Playing just the first half due to back spasms that sidelined him after halftime, Riley Nelson threw for 244 yards and a touchdown and BYU blitzed Weber State 45-13 at sun-splashed LaVell Edwards Stadium.
Mendenhall called the Cougars' second win "methodical" and "workmanlike," which is to say it was rather boring a lot of the time for the 60,314 fans who witnessed it.
"It was about what I expected," he said.
For the Wildcats (0-2), it was a chance to play in front of the largest crowd in the history of their school, and they showed some positive signs, including a physical, hard-hitting defense that caused Nelson to remark after he sat out the entire second half that it was the hardest-hitting defense he has faced in quite a while.
"Man, we play good football in the state of Utah," Nelson said, alluding to USU's win, but also predicting success for interim coach Jody Sears' Wildcats, who thought his team handled the "tough environment" reasonably well.
BYU's offense didn't play all that well early, and was forced to punt its first two possessions. Nelson threw five straight incompletions during the stretch which included the first three-and-out of the season but when he finally got hot, he was really hot.
On BYU's three scoring drives that gave the Cougars a 21-0 halftime lead, Nelson was 10-for-10 for 174 yards.
He spoiled his otherwise outstanding performance just before halftime, however, when he "made a bad decision, on my part" and threw the ball into the waiting arms of Weber State defensive back and punter extraordinaire Tony Epperson. Turned out to be his last pass of the game.
"I won't do that from here on out. It was dumb, there was no reason to do it," he said, having finished 18 of 29. Nelson said his back typically tightens up at halftime and after games, is sore on Sundays and then gets better on Mondays.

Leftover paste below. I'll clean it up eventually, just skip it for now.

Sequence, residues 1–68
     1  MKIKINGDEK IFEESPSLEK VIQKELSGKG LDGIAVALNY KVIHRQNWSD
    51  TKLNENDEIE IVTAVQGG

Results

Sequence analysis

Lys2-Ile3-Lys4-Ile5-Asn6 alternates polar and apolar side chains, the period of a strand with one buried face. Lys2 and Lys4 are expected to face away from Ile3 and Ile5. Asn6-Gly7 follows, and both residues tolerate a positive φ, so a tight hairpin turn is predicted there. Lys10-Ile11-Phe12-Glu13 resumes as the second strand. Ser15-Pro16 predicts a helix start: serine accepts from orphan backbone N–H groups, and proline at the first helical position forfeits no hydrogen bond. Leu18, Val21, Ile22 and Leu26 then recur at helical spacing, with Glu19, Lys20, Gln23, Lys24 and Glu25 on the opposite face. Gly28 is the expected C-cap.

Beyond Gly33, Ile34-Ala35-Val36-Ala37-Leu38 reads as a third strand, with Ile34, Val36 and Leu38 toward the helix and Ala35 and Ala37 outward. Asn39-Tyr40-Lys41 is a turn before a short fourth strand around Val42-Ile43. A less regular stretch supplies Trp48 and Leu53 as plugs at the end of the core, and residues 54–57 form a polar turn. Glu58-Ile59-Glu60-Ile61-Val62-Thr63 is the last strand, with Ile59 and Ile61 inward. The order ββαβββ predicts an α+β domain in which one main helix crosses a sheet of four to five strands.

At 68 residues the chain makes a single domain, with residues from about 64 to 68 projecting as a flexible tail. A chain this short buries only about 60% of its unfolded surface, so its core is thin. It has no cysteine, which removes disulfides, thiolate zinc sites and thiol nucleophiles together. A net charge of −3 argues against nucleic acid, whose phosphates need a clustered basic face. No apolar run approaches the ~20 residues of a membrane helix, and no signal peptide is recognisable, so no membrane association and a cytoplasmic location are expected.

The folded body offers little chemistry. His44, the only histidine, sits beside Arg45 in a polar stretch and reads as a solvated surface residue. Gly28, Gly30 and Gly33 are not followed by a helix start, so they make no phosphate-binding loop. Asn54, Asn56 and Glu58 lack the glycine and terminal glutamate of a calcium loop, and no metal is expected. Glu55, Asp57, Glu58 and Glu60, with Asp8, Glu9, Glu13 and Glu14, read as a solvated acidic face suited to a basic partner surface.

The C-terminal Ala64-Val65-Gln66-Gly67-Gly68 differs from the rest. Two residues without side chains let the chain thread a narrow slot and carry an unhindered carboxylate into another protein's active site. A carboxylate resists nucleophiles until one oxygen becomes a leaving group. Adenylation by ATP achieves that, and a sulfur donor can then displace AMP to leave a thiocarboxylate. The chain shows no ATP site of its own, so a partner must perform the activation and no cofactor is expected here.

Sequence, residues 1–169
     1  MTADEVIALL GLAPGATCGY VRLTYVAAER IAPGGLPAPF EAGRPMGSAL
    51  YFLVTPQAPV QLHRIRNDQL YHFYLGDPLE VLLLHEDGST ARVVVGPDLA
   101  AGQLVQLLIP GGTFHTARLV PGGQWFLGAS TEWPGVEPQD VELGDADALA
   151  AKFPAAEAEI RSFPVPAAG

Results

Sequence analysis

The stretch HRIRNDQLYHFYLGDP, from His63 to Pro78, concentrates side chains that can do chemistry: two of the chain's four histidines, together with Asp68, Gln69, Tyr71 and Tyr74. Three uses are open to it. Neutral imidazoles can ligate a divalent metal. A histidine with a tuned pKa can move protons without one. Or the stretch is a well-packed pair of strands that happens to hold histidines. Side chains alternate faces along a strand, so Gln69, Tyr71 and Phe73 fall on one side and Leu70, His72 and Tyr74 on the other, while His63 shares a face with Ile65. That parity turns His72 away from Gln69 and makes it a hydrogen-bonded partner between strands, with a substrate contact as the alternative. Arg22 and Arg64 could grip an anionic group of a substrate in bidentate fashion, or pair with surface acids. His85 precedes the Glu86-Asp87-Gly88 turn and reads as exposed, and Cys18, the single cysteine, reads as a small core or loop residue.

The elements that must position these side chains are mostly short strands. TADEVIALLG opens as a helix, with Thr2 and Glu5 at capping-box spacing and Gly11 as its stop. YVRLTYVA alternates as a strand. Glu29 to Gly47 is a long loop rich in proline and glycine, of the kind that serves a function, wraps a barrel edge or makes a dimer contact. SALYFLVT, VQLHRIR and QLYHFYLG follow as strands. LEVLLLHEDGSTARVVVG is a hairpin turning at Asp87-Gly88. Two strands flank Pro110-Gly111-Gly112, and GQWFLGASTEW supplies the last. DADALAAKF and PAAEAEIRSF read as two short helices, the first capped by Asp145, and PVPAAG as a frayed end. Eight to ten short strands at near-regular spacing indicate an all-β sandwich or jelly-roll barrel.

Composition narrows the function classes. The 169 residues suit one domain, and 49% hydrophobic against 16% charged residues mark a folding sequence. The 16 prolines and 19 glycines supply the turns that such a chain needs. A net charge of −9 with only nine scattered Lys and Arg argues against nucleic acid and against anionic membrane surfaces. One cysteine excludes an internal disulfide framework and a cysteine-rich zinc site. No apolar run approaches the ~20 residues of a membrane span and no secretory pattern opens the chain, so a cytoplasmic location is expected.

"It is not anything out of the ordinary," he said, noting he could have played longer if he needed to.
With Nelson standing on the sidelines, senior James Lark got his long-awaited chance in the second half, and was fairly effective in his four series of work before giving way to freshman Taysom Hill, who got opportunities out of the wildcat formation and as the every-down quarterback.
Lark was 7 for 10 for 45 yards and a 2-yard TD pass to Kaneakua Friel, the first of Lark's career.
"James has battled for a long time, and he has waited for his opportunity," Mendenhall said. "I think he was poised and pretty methodical about how he moved the team. So it was fun to see him get an opportunity, and fun to see Taysom get an opportunity as well."
Offensive coordinator Brandon Doman said he wanted to get Jason Munns a series as well, but they ran out of time.
If there was cause for concern for the Cougars, it was that their offensive line did not overpower the FCS team, especially early. BYU finished with 225 rushing yards.
"I was hoping … that we would run the ball more effectively and seemingly easier than what we did," Mendenhall said. "It seemed like we were having to work pretty hard to run the football."
With the rivalry game against Utah and its all-world defensive line looming next Saturday, that's probably not what Mendenhall and Doman wanted to see. Everything else, though, went pretty much according to plan.
R IN SHORT • As expected, BYU has an easy time with overmatched Weber State, after a slow start on offense.
KEY MOMENT • Backup quarterback James Lark, a senior, throws the first touchdown pass of his career, a 2-yarder to Kaneakua Friel.
KEY STAT • Quarterback Riley Nelson is 10 for 10 for 174 yards on the three first-half scoring drives that end in touchdowns.